Lindsay Thomas of the National Deer Association is an expert at sizing up bucks on the hoof. I asked him to give us some tips for the December post-rut.
“Judging the age of a buck after the rut can be difficult for the same reason it’s tough prior to the rut,” he says, “because not all of the important aging characteristics are in place.
“We don’t recommend estimating the age of bucks in summer because all of them have skinny necks. Until testosterone rises as the rut approaches, you don’t get the neck swelling that helps distinguish older bucks from younger bucks.
“Over the course of the rut, we know bucks can lose a lot of weight from the exertion of pursuing does and taking less time to eat. Dr. Aaron Foley of Texas A&M-Kingsville found that 5 1/2-year-old bucks lost 24% of their body mass from the pre-rut to the post-rut.
“Stomach girth is one of the characteristics that distinguishes 5 1/2-year-olds, and a post-rut buck that has lost a lot of that girth can fool you into thinking he’s younger than he really is. But you can still find clues in the buck’s frame. It’s not impossible to estimate post-rut age with a good view or good photos, there’s just more chance for error.”
Lindsay points out that a fully mature buck will have a deep chest (from the top of the shoulder to the brisket), and he may have a sagging spine between his shoulders and hips.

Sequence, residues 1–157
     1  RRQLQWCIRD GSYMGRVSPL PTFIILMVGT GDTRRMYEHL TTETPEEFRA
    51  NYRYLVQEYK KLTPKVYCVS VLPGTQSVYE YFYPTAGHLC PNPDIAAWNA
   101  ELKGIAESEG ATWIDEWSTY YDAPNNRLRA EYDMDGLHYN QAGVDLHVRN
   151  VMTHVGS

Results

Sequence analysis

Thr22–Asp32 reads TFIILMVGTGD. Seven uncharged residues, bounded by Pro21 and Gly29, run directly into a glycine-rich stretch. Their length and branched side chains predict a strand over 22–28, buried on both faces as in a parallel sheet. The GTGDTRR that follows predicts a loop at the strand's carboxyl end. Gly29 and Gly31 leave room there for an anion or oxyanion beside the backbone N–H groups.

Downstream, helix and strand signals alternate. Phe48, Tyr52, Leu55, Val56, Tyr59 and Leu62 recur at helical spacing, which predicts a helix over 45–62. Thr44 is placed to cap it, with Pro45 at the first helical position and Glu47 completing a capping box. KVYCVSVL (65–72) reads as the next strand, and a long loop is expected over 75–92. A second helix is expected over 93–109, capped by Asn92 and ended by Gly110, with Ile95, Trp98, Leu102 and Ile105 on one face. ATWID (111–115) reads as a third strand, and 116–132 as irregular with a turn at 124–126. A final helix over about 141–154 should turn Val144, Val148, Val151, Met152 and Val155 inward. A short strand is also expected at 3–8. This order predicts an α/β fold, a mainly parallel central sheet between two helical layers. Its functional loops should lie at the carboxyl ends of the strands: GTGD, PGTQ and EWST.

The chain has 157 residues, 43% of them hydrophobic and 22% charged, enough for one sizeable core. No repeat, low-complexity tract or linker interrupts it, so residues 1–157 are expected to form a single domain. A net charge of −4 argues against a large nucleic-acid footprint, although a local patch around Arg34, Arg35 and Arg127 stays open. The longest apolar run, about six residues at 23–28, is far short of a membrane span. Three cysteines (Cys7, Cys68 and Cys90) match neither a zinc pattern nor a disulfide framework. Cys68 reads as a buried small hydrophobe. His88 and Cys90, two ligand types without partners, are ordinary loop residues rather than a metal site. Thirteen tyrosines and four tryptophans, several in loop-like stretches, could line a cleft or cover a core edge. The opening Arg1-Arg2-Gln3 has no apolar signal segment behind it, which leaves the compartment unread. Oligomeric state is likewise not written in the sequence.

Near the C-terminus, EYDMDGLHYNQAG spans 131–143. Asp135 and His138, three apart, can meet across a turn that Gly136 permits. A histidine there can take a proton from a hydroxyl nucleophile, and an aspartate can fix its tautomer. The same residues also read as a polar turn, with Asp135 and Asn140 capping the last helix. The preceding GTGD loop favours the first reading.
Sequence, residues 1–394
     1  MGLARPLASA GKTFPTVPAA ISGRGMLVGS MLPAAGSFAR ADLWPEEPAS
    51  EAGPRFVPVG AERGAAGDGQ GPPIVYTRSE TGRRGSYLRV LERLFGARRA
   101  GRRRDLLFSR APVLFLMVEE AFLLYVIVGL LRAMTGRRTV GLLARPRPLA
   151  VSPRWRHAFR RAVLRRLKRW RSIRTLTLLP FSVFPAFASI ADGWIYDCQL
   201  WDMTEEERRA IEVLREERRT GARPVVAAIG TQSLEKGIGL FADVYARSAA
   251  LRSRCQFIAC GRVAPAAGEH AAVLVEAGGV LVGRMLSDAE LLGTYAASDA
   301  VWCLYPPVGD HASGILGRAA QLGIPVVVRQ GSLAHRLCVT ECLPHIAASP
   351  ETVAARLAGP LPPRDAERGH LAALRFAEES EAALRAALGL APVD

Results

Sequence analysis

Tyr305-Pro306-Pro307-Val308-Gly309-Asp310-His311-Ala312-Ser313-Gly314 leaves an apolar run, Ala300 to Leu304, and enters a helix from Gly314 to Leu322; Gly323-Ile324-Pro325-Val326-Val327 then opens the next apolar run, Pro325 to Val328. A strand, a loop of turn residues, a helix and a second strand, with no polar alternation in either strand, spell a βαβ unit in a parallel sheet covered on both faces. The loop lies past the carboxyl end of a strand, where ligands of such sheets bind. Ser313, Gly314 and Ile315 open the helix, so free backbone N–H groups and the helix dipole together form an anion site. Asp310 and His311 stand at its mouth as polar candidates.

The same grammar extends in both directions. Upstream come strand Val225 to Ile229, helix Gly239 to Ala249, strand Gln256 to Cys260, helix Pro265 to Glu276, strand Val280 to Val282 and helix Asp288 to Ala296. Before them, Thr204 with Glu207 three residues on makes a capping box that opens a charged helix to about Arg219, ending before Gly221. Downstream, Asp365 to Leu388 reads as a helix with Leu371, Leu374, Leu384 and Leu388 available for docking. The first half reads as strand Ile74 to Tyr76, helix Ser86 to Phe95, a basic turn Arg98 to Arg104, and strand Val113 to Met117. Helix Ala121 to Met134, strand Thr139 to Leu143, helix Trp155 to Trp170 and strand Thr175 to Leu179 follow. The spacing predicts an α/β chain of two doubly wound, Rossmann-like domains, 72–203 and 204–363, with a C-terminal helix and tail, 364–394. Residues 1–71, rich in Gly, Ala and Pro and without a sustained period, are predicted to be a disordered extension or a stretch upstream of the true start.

“Additionally, the upper-body development of a mature buck will give him a short-legged appearance overall, while bucks age 1 and 2 will appear long-legged,” he notes. “Bucks ages 3 and 4 will seem like their legs are about right for their body size.”
Lindsay also says to look for roughed-up bucks.
“Battle scars and wounds can help indicate a buck that was fully engaged in the rut this year or in previous years, showing he’s probably at least 3 1/2 and an active participant in the rut.”
Another cool thing, tarsal staining can be a good post-rut characteristic because the stains have not faded yet.
“Bucks do more rub-urination when they visit scrapes as they get older, so a buck with a very large, dark tarsal stain was a very active scraper and is probably at least 4 ½,” Lindsay says. “If the stain extends down the back of the hind leg, below the tarsal gland, you can assume the buck is fully mature, at least 5 1/2 or older.”
Lindsay killed a 6 1/2-year-old buck (cementum age by Matson’s Lab) in the post-rut in 2018.
“When I saw him I noticed two things immediately from 100 yards away: Nice antlers, and an enormous, black tarsal stain that extended down the back of his leg.”